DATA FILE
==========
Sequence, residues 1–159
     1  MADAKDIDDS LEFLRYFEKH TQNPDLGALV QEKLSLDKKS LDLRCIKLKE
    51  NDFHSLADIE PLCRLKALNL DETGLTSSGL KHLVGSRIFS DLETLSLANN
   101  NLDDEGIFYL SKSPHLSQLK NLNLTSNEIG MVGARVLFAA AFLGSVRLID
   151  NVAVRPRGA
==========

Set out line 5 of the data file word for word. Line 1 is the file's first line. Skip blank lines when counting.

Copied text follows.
   151  NVAVRPRGA